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Yes, I do think we expect dissembling political ads during the election
season.  But I also think it reflects rather poorly on the candidate who
runs them.
 
It's a fine line, though, between political rhetoric (in which you emphasize
your acheivements and highlight your opponent's failings) and dishonesty.
Clinton's ads mention that Bush proposed to cut financial aid for families
with incomes over $20,000; but it didn't mention that he also proposed to
increase such aid for families with less income.  I would say that both the
Bush ad and the Clinton ad are somewhat misleading, but are not explicitly
lying.  But it also seems to me that the Bush ad comes closer to the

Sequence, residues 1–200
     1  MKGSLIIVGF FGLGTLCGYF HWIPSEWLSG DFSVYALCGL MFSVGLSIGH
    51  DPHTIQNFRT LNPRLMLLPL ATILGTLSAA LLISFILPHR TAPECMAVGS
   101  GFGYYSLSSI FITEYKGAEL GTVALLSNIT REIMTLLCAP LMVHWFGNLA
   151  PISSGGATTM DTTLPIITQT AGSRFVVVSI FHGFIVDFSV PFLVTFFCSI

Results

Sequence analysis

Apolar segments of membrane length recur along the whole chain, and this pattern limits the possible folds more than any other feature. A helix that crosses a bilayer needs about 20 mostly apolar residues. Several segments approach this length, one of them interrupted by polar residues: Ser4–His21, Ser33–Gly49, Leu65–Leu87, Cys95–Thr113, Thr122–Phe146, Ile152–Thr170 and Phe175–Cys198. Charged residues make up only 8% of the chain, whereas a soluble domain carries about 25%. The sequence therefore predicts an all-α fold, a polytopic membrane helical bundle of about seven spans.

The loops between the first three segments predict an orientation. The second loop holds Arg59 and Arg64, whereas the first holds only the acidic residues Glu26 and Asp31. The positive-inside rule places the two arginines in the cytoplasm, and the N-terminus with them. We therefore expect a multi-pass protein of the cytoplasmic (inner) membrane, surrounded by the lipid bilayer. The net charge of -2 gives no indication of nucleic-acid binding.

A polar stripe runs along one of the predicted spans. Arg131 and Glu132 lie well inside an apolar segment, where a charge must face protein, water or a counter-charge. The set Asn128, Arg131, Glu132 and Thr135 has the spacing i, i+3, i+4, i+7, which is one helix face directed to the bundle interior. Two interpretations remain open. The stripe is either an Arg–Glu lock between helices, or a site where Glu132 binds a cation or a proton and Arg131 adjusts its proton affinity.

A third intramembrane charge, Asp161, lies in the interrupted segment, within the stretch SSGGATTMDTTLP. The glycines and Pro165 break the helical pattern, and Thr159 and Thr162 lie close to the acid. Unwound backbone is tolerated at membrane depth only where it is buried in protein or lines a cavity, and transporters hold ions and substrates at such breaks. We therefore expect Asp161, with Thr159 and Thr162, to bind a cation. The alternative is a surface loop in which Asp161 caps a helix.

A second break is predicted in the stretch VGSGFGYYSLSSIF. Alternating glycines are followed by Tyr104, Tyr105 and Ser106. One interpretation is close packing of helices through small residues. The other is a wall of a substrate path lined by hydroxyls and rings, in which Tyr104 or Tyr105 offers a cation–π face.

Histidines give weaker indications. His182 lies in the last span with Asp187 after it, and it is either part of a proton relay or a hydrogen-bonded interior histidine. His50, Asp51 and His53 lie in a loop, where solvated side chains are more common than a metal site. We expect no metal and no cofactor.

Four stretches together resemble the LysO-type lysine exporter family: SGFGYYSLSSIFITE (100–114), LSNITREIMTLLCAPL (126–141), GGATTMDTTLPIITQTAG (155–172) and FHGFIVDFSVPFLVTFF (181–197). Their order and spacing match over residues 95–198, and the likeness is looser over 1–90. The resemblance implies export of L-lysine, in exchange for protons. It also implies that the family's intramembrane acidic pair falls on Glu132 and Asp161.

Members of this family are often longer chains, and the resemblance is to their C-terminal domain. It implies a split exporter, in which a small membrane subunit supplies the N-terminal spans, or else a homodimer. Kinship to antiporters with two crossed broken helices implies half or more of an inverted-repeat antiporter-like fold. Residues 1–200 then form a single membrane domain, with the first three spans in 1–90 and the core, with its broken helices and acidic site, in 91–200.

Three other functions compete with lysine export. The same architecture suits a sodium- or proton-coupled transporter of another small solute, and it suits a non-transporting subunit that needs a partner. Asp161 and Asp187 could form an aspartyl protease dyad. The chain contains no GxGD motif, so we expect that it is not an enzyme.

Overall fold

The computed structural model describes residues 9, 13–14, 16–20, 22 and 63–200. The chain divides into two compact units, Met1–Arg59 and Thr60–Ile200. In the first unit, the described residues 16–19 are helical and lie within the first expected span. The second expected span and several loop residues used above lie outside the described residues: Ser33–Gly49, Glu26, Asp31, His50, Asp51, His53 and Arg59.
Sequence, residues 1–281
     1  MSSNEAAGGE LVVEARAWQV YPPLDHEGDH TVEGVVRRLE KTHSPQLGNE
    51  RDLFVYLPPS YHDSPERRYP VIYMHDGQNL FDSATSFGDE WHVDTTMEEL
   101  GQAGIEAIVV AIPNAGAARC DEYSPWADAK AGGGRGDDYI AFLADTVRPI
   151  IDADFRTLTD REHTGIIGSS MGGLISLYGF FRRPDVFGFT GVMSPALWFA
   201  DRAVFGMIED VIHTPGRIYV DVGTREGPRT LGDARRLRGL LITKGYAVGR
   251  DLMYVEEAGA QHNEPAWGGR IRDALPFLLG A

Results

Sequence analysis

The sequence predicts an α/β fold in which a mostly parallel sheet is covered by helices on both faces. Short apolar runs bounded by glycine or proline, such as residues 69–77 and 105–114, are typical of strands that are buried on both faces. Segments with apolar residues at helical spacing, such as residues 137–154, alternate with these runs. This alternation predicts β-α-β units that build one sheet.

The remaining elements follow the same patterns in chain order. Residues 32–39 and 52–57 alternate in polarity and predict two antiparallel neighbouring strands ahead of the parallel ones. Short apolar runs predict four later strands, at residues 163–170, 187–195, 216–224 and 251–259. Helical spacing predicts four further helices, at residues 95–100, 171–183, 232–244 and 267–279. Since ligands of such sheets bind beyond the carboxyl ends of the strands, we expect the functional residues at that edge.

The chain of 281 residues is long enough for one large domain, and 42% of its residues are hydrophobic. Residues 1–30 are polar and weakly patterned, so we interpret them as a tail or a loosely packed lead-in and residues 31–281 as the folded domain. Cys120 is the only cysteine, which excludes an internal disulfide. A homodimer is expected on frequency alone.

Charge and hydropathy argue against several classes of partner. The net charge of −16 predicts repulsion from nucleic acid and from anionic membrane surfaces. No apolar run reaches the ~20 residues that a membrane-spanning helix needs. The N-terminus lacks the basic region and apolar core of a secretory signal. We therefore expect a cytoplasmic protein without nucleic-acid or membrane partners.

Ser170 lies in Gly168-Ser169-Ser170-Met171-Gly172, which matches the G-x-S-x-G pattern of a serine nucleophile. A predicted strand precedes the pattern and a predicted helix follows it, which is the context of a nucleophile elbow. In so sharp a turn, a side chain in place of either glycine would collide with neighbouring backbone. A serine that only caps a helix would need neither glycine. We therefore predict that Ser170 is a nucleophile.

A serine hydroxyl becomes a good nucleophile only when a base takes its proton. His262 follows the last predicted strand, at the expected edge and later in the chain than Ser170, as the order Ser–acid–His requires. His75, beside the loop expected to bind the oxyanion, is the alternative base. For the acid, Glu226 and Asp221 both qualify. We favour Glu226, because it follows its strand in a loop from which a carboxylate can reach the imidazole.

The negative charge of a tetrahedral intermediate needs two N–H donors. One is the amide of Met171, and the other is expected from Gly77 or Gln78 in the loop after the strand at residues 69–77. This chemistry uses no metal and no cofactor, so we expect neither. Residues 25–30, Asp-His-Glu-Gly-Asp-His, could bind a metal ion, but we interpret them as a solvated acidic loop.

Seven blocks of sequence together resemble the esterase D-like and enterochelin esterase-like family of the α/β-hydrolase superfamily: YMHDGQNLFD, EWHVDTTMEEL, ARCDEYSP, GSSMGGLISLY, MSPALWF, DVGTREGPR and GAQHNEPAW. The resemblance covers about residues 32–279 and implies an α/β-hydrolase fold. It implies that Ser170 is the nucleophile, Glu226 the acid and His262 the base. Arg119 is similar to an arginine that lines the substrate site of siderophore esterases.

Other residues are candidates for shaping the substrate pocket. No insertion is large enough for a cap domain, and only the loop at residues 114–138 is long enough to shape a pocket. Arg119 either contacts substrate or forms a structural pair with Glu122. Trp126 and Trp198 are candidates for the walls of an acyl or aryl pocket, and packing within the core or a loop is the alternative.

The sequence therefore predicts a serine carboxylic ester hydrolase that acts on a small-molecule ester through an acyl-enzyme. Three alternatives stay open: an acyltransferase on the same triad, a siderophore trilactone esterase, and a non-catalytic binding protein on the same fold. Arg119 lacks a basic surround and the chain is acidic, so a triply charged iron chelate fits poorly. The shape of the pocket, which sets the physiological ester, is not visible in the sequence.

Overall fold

boundary between a rhetorical shaping of material and a lie.
 
From Time's perspective, the issue is somewhat different: the Bush ad
infringes on their trademark, so they say.  But don't political ads use the
nameplate of publications to accompany a quotation from that publication all
the time?  Is Time making this argument about the trademark only because
they disagree with the ad using it?
 
 
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James Peterson
University of Notre Dame
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